In the Tibetan system (as in many others) cultivating concentration is a beginner's method, a prerequisite for moving on to more intricate approaches. In a sense, concentration is the most generic form of mind training, with many nonspiritual applications as well. Indeed, for this test, Oser simply picked a spot (a small bolt above him on the MRI, it turned out) to focus his gaze on and held it there, bringing his focus back whenever his mind wandered off.
Oser proposed three more approaches that he thought would usefully expand the data yield: meditations on devotion and on fearlessness, and what he called the "open state." The last refers to a thought-free wakefulness where the mind, as Oser described it, "is open, vast, and aware, with no intentional mental activity. The mind is not focused on anything, yet totally present--not in a focused way, just very open and undistracted. Thoughts may start to arise weakly, but they don't chain into longer thoughts—they just fade away."
Perhaps as intriguing was Oser's explanation of the meditation on fearlessness, which involves "bringing to mind a fearless certainty, a deep confidence that nothing can unsettle—decisive and firm, without hesitating, where you're not averse to anything. You enter into a state where you feel, no matter what happens, 'I have nothing to gain, nothing to lose.' " One aid to this meditation, he added, is bringing to mind these same qualities in his teachers. A similar focus on his teachers plays a key role in the meditation on devotion, he said, in which he holds in mind a deep appreciation of and gratitude toward his teachers and, most especially, the spiritual qualities they embody.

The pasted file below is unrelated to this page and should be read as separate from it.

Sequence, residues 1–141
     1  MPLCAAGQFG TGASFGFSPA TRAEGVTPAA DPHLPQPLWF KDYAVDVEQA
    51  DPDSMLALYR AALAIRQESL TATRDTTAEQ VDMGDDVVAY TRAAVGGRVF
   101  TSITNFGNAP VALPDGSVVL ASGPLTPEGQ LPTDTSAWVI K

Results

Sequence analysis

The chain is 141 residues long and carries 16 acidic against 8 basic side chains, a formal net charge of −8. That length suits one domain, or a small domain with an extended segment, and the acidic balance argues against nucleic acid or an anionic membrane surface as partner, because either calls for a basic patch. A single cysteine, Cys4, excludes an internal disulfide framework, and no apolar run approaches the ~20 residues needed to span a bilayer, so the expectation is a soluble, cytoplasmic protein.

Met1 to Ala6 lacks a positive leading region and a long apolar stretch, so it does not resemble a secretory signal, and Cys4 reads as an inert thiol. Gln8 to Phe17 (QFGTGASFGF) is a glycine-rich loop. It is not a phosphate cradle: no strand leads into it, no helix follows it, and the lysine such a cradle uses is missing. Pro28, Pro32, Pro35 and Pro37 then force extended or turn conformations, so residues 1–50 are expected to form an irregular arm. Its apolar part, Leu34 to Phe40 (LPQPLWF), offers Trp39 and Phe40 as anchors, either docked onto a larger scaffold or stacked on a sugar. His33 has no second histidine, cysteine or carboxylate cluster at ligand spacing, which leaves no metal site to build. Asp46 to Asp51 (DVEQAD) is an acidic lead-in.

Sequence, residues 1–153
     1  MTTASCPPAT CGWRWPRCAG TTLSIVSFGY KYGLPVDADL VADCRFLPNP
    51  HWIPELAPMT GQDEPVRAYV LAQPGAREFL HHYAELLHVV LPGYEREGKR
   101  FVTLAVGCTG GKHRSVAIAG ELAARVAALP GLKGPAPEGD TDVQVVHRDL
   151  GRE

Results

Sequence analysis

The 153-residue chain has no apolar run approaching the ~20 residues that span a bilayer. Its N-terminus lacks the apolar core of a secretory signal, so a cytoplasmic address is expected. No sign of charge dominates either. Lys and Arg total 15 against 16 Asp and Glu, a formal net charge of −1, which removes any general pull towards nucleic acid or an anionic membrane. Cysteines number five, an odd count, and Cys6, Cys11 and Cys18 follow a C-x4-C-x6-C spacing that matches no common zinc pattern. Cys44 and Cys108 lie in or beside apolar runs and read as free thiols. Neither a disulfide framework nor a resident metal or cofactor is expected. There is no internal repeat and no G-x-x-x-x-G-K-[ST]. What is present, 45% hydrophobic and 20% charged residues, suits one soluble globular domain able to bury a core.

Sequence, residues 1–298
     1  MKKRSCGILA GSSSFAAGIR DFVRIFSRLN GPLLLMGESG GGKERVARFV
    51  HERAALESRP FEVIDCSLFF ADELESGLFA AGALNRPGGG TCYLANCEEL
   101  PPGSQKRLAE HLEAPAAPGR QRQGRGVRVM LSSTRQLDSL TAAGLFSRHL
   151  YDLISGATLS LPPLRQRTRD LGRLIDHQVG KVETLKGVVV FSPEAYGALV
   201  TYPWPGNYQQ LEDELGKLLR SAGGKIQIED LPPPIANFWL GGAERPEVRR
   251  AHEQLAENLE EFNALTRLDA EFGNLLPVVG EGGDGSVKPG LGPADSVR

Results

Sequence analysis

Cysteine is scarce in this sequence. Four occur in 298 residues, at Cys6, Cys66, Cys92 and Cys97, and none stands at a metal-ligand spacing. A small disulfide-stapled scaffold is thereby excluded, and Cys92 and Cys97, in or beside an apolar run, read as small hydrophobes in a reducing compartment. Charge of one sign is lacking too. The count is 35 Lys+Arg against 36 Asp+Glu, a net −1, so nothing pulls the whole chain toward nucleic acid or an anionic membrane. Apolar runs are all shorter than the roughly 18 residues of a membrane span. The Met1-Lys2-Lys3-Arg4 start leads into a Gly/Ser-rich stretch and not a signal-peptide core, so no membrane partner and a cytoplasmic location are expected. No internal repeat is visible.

That strategy also operates in the meditation on compassion, with his teachers' kindness offering a model. Oser explained that in generating love and compassion, bringing to mind the suffering of living beings and the fact that they all aspire to achieve happiness and be free from suffering is a vital part of the training. So does the idea to "let there be only compassion and love in the mind for all beings—friends and loved ones, strangers and enemies alike. It's a compassion with no agenda, that excludes no one. You generate this quality of loving, and let it soak the mind."
Finally, the visualization entailed constructing in the mind's eye a fully detailed image of the elaborately intricate details of a Tibetan Buddhist deity. As Oser described the process, "You start with the details and build the whole picture from top to bottom. Ideally, you should be able to keep in mind a clear and complete picture." As those familiar with Tibetan thangkas (the wall hangings that depict such deities) will know, such images are highly complex patterns.
Oser confidently assumed that each of these six meditation practices should show distinct brain configurations. For the scientists, there are clear distinctions in cognitive activity between, say, visualization and one-pointedness. But the meditations on compassion, devotion, and fearlessness do not seem that different in the mental processes involved, though they differ clearly in content. From a scientific point of view, if Oser could demonstrate sharp, consistent brain signatures for any of these meditative states, it would be a first.
Mission Control for Inner Space